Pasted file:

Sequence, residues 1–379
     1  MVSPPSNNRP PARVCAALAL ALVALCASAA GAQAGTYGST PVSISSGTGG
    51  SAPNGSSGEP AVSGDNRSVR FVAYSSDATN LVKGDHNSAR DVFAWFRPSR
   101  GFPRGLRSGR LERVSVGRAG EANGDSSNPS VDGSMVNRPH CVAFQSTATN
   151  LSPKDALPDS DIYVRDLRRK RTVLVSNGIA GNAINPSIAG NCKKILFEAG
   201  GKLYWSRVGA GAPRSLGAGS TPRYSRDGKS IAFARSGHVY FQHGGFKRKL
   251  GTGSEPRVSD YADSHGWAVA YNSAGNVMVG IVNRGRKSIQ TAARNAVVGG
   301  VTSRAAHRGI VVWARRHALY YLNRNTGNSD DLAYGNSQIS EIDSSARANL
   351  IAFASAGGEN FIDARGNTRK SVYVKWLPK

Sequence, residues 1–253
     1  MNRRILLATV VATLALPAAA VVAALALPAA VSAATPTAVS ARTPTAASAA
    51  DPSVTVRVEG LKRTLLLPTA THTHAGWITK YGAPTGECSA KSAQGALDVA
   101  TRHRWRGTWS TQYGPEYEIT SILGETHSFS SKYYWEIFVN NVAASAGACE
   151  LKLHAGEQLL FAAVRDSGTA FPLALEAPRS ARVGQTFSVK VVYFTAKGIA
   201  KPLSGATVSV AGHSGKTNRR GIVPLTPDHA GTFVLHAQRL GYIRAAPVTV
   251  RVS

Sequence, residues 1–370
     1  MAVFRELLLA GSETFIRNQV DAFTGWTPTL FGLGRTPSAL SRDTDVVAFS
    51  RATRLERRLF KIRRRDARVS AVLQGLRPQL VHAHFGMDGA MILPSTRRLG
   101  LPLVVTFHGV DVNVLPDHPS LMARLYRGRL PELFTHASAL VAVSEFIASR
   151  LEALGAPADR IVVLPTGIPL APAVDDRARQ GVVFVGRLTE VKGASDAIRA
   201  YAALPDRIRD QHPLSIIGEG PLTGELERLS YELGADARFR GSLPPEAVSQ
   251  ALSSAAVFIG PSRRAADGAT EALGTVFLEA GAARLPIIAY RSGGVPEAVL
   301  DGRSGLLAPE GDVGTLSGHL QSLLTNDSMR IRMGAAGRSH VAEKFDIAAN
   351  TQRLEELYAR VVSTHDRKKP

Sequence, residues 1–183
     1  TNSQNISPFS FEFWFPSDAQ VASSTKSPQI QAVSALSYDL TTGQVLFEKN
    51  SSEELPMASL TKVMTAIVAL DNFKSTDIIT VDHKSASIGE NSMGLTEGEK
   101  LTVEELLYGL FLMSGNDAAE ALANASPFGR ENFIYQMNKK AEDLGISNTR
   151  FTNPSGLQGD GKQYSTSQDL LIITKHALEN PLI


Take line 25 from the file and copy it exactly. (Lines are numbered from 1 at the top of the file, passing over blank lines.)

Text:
   351  TQRLEELYAR VVSTHDRKKP